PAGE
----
If you don’t know what DRM is, watch this video or check out this article

GigaOM’s article is called The real villain in the ebooks case isn’t Apple or Amazon — it’s publishers’ addiction to DRM and there’s a subheading that says The Big Six gave Amazon the keys

Here’s a short excerpt from that article, just to encourage you to go read the whole thing:

“The Big Six’s pig-headed insistence on DRM on ebooks is handing Amazon a stick with which to beat them harder. [Their] insistence on DRM has proven to be a hideous mistake. Rather than reducing piracy, it has locked customers in Amazon’s walled garden, which in turn increases Amazon’s leverage over publishers.”

Wondering where this will all end—though, many folks are going to speculate themselves into a frenzy………
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Publishing News Is Having A Crisis

publishing news [Author’s Edit: This post is from the past but certainly is not dated…]

Authors who want to be published have, possibly, more options than they need right now.

Traditional, Indie, POD, Small Imprint, Publishing Aid companies, and full Self-Publishing, to name the major options.

Plus, all those categories are mating and producing offspring

It’s no wonder news about publishing has become as confusing as the act of publishing itself.

I believe, one day, things will calm down to just a few of the best new ways to publish along with a transformed “traditional” option

I’ve had a couple polls on this blog to gauge what readers want—the most recently available survey HERE—and, considering the three main areas of concern on this blog (Reading, Writing, and Publishing), publishing is the least interesting to visitors who’ve voted.

Of course, not all visitors give their opinions and that latest survey is definitely still open for voting

Still, whether I “cover” the news about publishing or not, I still scan the headlines—I am a published author who will be publishing again.

Some of the most interesting coverage of happenings in publishing are over at Kristine Kathryn Rusch‘s blog, Business Rusch.

I’ve referenced her before in the posts Are Traditional Publishers Really All That Bad? and Further Considerations On Traditional Publishers.

So, as the United States Department of Justice leveled a law suit against Apple and a few of the Big Trads, Rusch’s take on the proceedings became of interest. Let me quote a bit from her Writers and The DOJ Lawsuit:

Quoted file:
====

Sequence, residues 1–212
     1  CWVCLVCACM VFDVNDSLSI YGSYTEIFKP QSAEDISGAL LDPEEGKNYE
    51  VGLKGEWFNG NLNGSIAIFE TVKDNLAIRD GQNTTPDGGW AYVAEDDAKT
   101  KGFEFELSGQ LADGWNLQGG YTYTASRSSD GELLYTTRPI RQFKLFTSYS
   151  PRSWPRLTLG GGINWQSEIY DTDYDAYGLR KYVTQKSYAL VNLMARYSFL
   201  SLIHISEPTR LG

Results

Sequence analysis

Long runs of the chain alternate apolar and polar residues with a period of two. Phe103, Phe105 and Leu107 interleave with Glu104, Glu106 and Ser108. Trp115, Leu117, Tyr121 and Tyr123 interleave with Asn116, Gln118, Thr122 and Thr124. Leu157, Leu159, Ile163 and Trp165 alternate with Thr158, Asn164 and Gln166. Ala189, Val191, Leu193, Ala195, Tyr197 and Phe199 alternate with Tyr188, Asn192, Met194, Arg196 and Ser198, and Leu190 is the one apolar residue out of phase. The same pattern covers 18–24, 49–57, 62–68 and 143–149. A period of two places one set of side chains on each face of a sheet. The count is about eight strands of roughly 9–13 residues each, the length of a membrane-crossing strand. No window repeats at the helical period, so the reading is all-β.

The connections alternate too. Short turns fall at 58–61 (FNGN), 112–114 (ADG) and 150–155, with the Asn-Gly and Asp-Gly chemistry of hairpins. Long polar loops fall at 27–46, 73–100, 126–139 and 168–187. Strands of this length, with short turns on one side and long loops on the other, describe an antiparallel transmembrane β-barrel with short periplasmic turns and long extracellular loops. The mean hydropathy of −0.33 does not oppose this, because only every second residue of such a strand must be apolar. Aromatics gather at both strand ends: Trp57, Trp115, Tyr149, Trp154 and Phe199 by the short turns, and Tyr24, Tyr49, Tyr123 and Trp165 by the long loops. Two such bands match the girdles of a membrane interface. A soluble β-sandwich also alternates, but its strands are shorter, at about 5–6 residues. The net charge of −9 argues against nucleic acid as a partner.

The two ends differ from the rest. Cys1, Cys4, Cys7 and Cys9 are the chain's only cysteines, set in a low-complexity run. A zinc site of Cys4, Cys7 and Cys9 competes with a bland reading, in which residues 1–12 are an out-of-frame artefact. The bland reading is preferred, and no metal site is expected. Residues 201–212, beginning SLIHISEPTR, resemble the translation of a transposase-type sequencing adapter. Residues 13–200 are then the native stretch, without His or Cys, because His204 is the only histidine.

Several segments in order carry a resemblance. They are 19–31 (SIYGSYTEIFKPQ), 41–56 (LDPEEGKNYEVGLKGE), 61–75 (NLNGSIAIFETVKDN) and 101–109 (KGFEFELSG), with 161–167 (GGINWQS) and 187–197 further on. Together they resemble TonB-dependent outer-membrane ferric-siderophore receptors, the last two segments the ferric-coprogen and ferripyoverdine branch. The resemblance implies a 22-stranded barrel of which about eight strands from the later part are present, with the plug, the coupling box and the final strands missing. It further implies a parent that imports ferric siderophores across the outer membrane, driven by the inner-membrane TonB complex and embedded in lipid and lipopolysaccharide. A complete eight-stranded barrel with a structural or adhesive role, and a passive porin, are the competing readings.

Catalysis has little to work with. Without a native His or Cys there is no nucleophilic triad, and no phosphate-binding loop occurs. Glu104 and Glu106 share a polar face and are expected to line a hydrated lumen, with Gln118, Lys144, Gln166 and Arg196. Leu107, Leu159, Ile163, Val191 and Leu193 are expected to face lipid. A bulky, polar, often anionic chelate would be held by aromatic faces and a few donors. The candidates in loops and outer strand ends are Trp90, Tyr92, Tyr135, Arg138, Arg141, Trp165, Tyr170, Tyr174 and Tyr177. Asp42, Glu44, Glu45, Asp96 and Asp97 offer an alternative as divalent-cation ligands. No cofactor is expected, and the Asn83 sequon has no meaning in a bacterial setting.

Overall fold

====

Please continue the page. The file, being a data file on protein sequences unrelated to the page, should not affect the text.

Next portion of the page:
“A reporter is only as good as her sources. And on a story like this, reporters usually have no sources at all because publishing is a poorly covered industry. Most reporters hope to break into ‘real’ writing one day (‘real’ writing being getting a book published), so they’re both in awe of the publishing industry and afraid of rocking a boat while covering it.

“In other words, what you read in the mainstream press comes from sources of dubious provenance, press conferences (the DOJ), statements from the parties involved (usually drafted by lawyers to avoid any legal issues), and whatever is in the media already (usually misinformation or partial information). Add to that the need to cover a complicated case in either a story that lasts 30 seconds to two minutes (TV/radio) or in about 1,000 words (print/blogs), and you have the makings of severe misunderstandings.

“What does the DOJ case mean for writers, traditional or indie?

“Um…no one knows.”

Of course, this woman is a writer so she does go on, at length, to give her experienced opinion

I’ve only published four books and only have two more I’m working on for publishing.

I have few solid opinions about what’s going on but I do share what others I respect say.

And, so far, Joe Konrath makes the most sense to me.
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Authors/Readers vs Publishers vs the U.S. Dept. of Justice